Cruising the enchanted bay

In 2008 Steve and I took the first cruise of our lives, down the Nile. There are other waterways we’d liked to cruise some day, but we’ve saving them until we’re older and infirm, unable to handle the rigors of more adventurous travel. We made an exception to that rule for Halong Bay; spent Thursday and Friday nights sleeping on the Treasure.

Our cruising home

It is possible to see the bay on a day boat, but that would be arduous. The bus ride from Hanoi takes more than three and a half hours. We boarded our bus at 8 a.m. Thursday, reached Halong City shortly before noon, and boarded a small pontoon boat that transported us to the junk, a handsome motorized sailing ship that sleeps about 30.

The Treasure was lovely: dark polished wood and rich upholstery, our cabin well-designed and comfortable. Meals consisted of multiple courses, many of them tasty sea creatures freshly harvested from the bay. Steve and I did all the activities: tai-chi lessons on the deck at dawn,

Vietnamese cooking lessons both evenings at 6 p.m. In between, we climbed into a sturdy double ocean kayak and paddled for hours, following our guide around the islands. We paddled to a deserted sand beach (one of the few left in the bay, we learned, due to shellfish farmers stealing the extraordinarily fine-grained sand to use in their aquacultural enterprises.) We toured a sea cave and a floating village, home to about 100 of the bay’s 500 resident fishermen. All of it was fun.
Getting into reed boats for a tour of the fishing village

None of that compared, however, to the pleasure of simply gazing at the staggering beauty surrounding us. Halong Bay has been included on at least one of those recent lists of Seven Natural Wonders of the World. It’s been declared a World Heritage Site on two counts — for nature and beauty. We couldn’t quibble with those designations. The place is as spectacular, in its own way, as the Grand Canyon or Table Mountain in South Africa. What makes it so special are the 1,969 islands that stud it. Composed of highly eroded limestone, what makes them so special, in turn, is their great height. The legend goes that they sprang up from seeds of jade spit out by dragons protecting the local folk from an invading army. Today they’re covered with jade-green plants, and they indeed look magical.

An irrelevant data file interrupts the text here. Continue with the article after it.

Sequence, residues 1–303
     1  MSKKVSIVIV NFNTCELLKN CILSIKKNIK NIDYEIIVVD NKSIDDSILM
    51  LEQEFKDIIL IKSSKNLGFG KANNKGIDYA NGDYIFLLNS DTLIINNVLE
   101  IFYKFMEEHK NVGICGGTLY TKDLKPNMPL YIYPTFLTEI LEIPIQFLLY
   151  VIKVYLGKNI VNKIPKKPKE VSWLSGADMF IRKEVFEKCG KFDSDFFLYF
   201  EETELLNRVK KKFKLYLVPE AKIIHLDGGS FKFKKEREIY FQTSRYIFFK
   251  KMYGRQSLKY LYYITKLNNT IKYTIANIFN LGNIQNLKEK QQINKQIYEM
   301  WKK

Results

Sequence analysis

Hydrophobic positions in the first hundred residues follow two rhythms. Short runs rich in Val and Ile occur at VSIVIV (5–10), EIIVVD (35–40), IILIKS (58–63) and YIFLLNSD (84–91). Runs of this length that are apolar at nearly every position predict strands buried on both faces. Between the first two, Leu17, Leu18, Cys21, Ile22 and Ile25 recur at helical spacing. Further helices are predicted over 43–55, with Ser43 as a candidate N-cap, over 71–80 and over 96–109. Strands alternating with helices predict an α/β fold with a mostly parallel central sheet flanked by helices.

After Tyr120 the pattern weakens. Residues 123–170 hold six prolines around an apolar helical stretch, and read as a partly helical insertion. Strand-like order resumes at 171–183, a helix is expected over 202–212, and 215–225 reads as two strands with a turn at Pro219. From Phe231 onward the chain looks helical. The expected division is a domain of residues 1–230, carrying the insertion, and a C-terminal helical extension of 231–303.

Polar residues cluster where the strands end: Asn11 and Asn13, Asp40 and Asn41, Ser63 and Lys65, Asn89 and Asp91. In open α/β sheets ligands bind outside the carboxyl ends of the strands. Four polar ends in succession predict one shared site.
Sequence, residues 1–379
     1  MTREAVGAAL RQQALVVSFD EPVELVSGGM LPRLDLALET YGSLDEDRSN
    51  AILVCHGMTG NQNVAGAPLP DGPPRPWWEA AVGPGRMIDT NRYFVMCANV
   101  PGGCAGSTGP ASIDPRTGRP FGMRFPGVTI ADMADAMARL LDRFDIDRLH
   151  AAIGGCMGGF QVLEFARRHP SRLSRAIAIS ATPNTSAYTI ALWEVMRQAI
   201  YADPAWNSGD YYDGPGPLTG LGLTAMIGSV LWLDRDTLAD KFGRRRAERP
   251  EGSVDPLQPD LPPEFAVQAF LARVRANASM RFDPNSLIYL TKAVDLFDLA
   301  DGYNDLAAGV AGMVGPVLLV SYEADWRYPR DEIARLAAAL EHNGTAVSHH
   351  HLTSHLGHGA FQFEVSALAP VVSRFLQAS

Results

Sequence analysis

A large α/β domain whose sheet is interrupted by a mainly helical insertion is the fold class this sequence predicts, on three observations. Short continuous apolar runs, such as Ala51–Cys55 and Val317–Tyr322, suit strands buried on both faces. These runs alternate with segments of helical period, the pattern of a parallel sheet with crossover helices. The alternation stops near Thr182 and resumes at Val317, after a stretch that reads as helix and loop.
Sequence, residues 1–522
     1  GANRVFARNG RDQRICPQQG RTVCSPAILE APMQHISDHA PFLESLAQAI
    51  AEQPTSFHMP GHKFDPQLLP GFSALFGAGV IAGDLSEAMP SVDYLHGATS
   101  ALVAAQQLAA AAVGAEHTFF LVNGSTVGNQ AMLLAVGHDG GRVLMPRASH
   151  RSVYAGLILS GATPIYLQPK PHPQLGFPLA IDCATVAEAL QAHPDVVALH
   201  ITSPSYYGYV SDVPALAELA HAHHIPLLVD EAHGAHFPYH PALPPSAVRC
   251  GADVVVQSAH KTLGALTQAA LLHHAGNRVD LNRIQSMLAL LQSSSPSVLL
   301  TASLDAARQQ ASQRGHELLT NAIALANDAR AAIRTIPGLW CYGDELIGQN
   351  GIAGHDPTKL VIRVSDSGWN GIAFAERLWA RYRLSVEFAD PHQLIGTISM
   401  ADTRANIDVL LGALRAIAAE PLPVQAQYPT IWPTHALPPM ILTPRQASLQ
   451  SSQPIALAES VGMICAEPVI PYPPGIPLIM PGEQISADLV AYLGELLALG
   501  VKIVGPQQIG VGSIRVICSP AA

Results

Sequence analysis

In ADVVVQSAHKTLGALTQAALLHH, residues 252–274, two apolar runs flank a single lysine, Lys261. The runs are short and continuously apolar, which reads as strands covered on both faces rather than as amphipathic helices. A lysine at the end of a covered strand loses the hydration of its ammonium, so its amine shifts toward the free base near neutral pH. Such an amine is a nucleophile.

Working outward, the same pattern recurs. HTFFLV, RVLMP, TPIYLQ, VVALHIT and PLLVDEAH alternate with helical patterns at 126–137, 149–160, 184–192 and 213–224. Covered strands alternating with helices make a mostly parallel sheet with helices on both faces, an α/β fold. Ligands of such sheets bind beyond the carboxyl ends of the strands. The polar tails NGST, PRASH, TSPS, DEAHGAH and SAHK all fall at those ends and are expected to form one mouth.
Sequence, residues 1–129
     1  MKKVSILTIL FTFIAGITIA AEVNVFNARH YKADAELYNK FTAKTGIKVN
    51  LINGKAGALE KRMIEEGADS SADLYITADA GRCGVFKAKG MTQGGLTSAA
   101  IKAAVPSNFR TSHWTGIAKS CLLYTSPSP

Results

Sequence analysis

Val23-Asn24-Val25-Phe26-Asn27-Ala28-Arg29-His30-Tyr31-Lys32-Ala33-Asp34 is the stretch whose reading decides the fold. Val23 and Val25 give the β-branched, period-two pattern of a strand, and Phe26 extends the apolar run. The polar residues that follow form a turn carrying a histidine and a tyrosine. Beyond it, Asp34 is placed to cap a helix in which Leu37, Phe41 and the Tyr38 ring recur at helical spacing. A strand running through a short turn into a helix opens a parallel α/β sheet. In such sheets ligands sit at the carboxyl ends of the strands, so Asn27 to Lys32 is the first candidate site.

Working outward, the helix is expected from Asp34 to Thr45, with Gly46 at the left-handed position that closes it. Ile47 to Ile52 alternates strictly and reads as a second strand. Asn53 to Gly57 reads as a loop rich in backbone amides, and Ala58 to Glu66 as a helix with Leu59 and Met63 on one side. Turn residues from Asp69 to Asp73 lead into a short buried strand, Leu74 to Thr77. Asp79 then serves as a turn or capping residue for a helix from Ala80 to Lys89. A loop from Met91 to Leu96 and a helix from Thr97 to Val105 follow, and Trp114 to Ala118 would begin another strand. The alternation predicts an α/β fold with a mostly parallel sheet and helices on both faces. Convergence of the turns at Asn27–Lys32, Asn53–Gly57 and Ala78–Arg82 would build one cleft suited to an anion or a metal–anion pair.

I was somewhat prepared by how splendid the bay would be. What was unexpected was how superbly our expedition company (Handspan Tours) managed to organize our itinerary to keep us out of sight of other cruisers. The first tours of Halong Bay began just 10 or 11 years ago. Steve and I have friends who visited in 2005 and were the only passengers on their junk. Now, however, some 500 tourist boats play the water daily — 300 for daytrippers and 200 for overnight cruisers. I’d read warnings online of how traffic-jammed the bay can seem, marred by the sight of garbage floating on the water. But the Treasure steamed to a relatively pristine section. Once moored, we often were the only visitors in sight.

I’m not a good enough writer to describe the bay and islands adequately. So here are a few digital impressions:

I’m hoping all these photos will upload because the Golden Sun Palace, our hotel in Hanoi’s Old Quarter, has very good wifi. We arrived back late yesterday afternoon and already my neurons are overloaded with the effort to take this place in. I’ll let them calm down, then I’ll try to describe some fraction of it.

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